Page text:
Apr 29 2010

Acceptance in the Flow of Facilitation

Published by at 8:31 am under facilitation,learning,reflection,turning 50

Via a tweet today from @HHG I came across a blog post from author Susan Piver on Buddhism and Relationships: 3 Stages to Heal a Broken Heart. I was taken by the post  not because I am currently experiencing a broken heart, but because her three bits of advice seemed incredibly relevant to the practice of facilitation.

It is so easy to get blocked by our own feelings of wanting to both succeed in facilitating and to be accepted or “do right” as the facilitator. It is easy to get caught in the emotions of others in moments of heat and fire. It is easy to beat oneself up – and that rarely makes us better facilitators!

Open but still largely unread on my desk is the book, “Standing in the Fire: Leading high-heat meetings with clarity, calm and courage,” by Larry Dressler.  It too, is about how we accept what is happening around us as a way of staying usefully engaged, rather than consumed and frankly, burnt out and hurt.

I am deeply interested in these practices as I feel I have finally begin a phase in life where I am breaking free of  old “please the people” habits and finding more comfortable ways of holding disagreement, conflict and dissent. I want to find practices that bring in critical thinking, use the heat instead of pouring on water at the first spark.

Here is a bit from Susan’s post. I have edited out the specific material about heartbreak and out of respect for her full text. So click in and read the rest.

I have three suggestions for figuring out how to accomplish this very mysterious feat of feeling without attaching a narrative as to what it might, could, should, or dare not mean.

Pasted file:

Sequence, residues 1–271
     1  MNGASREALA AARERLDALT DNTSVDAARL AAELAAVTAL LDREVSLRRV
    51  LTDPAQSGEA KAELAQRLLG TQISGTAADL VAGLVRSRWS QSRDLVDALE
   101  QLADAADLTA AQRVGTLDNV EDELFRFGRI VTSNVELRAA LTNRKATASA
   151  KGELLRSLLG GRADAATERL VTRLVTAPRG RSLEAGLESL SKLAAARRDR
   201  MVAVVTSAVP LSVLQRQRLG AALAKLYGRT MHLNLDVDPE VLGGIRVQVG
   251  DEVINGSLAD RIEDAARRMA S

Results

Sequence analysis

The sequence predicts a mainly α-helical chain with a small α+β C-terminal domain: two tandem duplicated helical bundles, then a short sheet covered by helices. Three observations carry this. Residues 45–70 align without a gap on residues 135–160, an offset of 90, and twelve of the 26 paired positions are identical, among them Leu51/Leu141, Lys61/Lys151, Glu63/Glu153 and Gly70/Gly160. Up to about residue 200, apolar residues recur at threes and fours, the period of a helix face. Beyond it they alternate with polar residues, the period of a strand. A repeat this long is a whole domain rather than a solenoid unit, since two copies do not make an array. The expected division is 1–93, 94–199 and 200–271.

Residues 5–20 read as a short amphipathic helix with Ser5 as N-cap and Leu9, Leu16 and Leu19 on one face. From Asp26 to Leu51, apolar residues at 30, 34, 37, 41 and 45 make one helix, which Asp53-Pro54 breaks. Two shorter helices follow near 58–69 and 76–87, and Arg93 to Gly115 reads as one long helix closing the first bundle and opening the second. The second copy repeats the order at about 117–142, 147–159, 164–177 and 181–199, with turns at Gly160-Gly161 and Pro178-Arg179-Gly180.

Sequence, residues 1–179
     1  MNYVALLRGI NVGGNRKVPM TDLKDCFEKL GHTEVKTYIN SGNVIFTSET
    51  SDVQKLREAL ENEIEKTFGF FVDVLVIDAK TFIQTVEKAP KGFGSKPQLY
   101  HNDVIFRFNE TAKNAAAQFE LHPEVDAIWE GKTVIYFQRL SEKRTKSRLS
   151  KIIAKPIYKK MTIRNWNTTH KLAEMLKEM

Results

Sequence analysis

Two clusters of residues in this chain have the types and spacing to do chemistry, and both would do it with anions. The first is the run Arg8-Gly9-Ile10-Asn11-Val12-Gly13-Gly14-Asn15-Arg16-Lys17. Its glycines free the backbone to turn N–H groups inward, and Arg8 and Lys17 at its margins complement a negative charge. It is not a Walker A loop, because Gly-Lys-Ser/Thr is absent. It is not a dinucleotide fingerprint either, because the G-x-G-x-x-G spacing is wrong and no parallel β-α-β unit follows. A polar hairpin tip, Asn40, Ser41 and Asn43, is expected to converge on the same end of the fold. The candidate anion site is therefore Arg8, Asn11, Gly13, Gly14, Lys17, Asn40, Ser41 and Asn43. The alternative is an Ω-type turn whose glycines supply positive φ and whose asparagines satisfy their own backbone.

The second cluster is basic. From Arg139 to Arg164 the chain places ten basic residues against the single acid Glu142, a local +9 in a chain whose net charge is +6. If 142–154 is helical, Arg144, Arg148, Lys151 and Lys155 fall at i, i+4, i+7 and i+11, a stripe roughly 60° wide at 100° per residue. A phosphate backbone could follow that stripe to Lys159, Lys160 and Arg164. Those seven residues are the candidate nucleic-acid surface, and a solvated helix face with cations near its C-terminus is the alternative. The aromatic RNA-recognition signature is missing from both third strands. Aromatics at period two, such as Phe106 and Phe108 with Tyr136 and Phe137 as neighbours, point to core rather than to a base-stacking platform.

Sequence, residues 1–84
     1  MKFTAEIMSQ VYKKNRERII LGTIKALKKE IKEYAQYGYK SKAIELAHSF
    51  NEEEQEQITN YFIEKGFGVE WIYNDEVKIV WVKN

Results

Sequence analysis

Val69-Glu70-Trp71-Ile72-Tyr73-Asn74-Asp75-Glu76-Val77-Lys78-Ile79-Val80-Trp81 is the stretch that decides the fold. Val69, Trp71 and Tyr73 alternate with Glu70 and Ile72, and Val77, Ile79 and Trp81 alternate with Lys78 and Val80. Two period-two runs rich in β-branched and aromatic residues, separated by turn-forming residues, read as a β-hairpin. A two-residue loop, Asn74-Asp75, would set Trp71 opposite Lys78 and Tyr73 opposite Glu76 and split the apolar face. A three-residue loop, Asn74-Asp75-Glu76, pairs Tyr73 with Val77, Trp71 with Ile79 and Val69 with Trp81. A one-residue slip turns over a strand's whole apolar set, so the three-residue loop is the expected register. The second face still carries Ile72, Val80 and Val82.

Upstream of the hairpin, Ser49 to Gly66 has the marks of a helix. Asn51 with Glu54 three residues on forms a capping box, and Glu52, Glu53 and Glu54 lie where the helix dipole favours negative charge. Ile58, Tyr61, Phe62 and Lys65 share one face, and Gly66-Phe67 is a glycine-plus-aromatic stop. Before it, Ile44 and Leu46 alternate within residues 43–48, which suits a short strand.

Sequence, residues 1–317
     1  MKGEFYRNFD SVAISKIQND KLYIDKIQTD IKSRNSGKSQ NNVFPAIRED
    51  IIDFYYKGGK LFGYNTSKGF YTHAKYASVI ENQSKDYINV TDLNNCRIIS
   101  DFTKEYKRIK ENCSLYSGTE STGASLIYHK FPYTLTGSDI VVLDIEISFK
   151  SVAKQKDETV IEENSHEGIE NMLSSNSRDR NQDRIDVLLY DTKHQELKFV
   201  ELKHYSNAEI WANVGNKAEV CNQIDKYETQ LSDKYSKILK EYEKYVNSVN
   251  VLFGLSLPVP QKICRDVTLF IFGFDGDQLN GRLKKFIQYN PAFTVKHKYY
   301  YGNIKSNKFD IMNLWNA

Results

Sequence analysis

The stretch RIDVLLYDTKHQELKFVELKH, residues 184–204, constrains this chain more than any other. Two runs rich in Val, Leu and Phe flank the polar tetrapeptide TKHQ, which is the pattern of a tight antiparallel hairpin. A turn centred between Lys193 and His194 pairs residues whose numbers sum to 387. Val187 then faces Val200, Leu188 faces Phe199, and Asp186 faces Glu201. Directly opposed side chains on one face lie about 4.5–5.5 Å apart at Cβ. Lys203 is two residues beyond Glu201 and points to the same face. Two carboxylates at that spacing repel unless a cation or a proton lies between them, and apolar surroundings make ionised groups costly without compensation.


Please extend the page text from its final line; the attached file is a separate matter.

1. Develop a non-judgmental relationship with your mind. …When you’re under the sway of strong emotion, you come into contact with a state of being that I like to call Insane Obsessive Thinking. If only, I should have, what I really meant was, how dare she, I am a loser, you are a loser, love stinks… .Without addressing a mind run amuck, the chances of skillfully working with your feelings is kind of limited. So I suggest introducing a note of discipline to your everyday life, beginning today. Spend some time everyday, not squashing your icky thoughts and promoting your good ones, but simply watching your mind in a relaxed way—no matter how wild it gets, you can remain steady. This is what meditation teaches you how to do…

2. Stabilize your heart in the open state. When you regain some sense of dominion in your own mind, naturally your attention will turn toward that raging, screaming, 24/7 searing thing in the middle of your chest—your heart…

3. View your whole life as path. With a sense of clarity in your mind and stability in your heart, the third stage becomes something altogether different. There is no practice associated with this one. With mental clarity and emotional stability comes the ability to see your entire life as path. You have created the foundation for an entirely authentic life, one full of joy and sorrow, meetings and partings, giving and taking, and deep meaning. ..

via Buddhism and Relationships: 3 Stages to Heal a Broken Heart | Susan Piver.

How do you stand in the fire? Accept and move forward as a facilitator?

Photo Credit: http://www.flickr.com/photos/flavor32/248040902/

3 responses so far

3 Responses to “Acceptance in the Flow of Facilitation”

  1. Susan Piveron 29 Apr 2010 at 11:08 am

    Many thanks for the trackback to my blog and I really appreciate your point of view on facilitation–a high art! Best, Susan

  2. Nancy Whiteon 29 Apr 2010 at 11:27 am

    Thank YOU for sparking the conversation!

  3. Viv McWaterson 14 May 2010 at 1:30 am

    Hi Nancy
    A topic close to my heart 🙂 My continuing practice of improv and disruption in facilitation helps me stand ‘in the fire’ – letting go of any need to rescue, fix, heal or mend (I don’t believe that’s the role of a facilitator and cringe at processes that purport to ‘heal’ individuals and/or groups). Improv gives me the tools to acknowledge and make the other look good, accept offers (doesn’t presume agreement) and use status shifts to close any status gaps to encourage communication. And disrupting thinking and behaviour patterns – often by playing a game (often an improv game) that illuminates behaviours that we consciously and unconsciously bring to our interactions.
    Cheers
    Viv

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